Dios y libertad, Zacatecas, marzo 30 de 1835.

Eustaquio Canales, diputado secretario; Carlos Díaz Naredo, diputado secretario.

Excmo., Sr. gobernador del estado

Y para que llegue a noticia de todos y se le de su debido cumplimiento, mando se publique por bando en esta capital, demás ciudades, villas, pueblos y lugares del estado. Zacatecas marzo 31 de 1835.

Manuel G. Cosío

Marcos de Esparza

Context

The constellation of pronunciamientos that were inspired by the Plan of Cuernavaca of 25 May 1834 resulted in the demise of the 1833-34 radical administration. In January 1835, with the men of 1830-32 returned to the corridors of power, President Santa Anna opted to retire to his hacienda in Veracruz leaving Miguel Barragán in charge as acting president. In accordance with these deputies’ traditionalist agenda, the 1835 Congress was determined to strengthen the regular army. It also harboured centralist ambitions which, albeit unspoken, were a so-called “secreto a voces” (i.e. a “voiced secret”; one that everybody knew about even if it was not expressed publicly). On 31 March 1835, Congress passed a bill ordering the discharge of local militias in the country. The government in Zacatecas interpreted the law as confirmation that the centralists in Congress were on their way to overturning the 1824 Constitution. On 30 March, pre-empting the government’s resolution, Francisco García, governor of Zacatecas, raised the standard of revolt, by decreeing that: “the [state] government is awarded the faculty to make use of its civic militia to repulse any aggression that may be attempted against it”. Having returned to Manga de Clavo only three months earlier, Santa Anna nonetheless made his way back to the capital on 9 April on hearing the news of this pronunciamiento. He did not, however, return to Mexico City in order to preside over the Republic, but to acquire permission to quell the rebellion in person. On 18 April 1835 Santa Anna left Mexico City to force Zacatecas into submission. He entered León on the 24th, moved on to Aguascalientes thereafter, and by 7 May 1835, his army was ready for action. Formed into three infantry and one cavalry divisions, it consisted of 172 sappers, 2,000 infantrymen, 1,000 cavalrymen, and 18 pieces of artillery mustered by 140 gunmen. He led his men to the plain of Guadalupe, outside Zacatecas, where, on 10 May, at 9.00 o’clock in the morning, the enemy lines were first seen. Using the cover of night to launch his assault on Guadalupe, the attack commenced at 2.00 a.m. on 11 May. After two hours of combat, Guadalupe and Zacatecas were taken. The government forces had suffered a death toll of around one hundred men. The rebels had been routed. Figures for their casualties were not provided, although Santa Anna noted that 150 officers had been taken prisoner. The 2,443 zacatecanos who surrendered were allowed to go free. Santa Anna did not mention the pillage to which Zacatecas was subjected that day. The troops’ plunder of Zacatecas was brutal, leaving a deep-seated hatred of Santa Anna in the region that would last for the rest of his lifetime.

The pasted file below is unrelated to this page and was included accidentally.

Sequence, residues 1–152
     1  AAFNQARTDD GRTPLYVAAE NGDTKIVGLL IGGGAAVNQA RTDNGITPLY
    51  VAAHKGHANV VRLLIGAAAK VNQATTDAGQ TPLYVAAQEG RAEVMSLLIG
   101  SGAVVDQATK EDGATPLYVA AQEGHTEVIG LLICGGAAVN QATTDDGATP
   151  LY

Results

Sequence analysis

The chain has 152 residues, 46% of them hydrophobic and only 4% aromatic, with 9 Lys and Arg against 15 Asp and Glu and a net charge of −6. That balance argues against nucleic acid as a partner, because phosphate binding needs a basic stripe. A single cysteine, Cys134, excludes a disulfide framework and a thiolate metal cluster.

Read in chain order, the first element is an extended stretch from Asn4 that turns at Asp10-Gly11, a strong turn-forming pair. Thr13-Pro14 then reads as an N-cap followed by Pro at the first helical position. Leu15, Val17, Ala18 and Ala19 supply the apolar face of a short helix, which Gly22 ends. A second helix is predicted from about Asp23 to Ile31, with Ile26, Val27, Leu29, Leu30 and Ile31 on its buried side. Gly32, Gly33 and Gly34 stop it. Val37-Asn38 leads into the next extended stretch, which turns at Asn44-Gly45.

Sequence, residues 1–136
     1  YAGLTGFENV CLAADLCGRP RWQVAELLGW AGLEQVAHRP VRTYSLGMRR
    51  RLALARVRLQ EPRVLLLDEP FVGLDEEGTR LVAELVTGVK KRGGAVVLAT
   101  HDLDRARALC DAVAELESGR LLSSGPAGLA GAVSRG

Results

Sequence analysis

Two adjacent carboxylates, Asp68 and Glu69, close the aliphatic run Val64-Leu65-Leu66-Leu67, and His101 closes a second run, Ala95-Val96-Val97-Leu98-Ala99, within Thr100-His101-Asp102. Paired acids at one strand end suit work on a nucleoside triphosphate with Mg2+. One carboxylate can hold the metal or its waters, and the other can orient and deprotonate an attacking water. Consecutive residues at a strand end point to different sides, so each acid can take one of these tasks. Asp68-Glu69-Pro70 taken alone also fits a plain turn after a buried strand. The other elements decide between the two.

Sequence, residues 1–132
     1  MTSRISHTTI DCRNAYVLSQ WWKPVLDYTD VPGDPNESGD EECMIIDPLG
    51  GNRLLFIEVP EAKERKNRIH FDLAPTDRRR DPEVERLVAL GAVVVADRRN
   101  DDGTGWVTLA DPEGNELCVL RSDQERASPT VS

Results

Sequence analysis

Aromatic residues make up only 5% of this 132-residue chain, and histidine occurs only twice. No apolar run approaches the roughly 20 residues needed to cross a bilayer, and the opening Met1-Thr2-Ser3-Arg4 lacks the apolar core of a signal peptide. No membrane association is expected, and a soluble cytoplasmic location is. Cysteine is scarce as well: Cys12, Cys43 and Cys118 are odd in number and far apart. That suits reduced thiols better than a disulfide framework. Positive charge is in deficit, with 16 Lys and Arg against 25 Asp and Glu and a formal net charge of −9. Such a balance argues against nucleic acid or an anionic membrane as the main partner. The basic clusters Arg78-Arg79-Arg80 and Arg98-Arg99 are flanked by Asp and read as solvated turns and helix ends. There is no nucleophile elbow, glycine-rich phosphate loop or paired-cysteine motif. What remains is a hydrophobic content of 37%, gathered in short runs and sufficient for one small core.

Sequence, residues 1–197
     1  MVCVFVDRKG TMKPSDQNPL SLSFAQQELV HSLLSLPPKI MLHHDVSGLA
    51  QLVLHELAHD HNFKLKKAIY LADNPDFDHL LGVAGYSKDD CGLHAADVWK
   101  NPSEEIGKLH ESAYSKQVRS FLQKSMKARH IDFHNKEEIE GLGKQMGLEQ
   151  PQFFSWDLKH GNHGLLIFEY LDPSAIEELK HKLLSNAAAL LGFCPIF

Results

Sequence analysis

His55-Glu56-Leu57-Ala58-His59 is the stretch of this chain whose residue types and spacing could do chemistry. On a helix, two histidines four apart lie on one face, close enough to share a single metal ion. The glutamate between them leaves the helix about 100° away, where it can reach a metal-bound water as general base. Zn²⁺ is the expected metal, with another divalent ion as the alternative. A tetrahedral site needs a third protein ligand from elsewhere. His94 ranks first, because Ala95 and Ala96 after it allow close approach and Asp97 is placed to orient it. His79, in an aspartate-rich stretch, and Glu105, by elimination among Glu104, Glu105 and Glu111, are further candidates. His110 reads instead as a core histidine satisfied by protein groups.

WF

Notes

AGN: Gobernación, 1835, s/c,caja 5, f.179.

Also in Josefina Zoraida Vázquez (ed.), Planes en la nación mexicana. Libro tres: 1835-1840 (Mexico City: Senado de la República/El Colegio de México, 1987), p. 12.

Transcribed by Natasha Picôt and revised by Will Fowler.

Participants (5):

Signatory role:
Marcos Aldama
Eustaquio Canales
Casimiro Ceños
Carlos Díaz Naredo
Leader and author role:
Manuel G. Cosío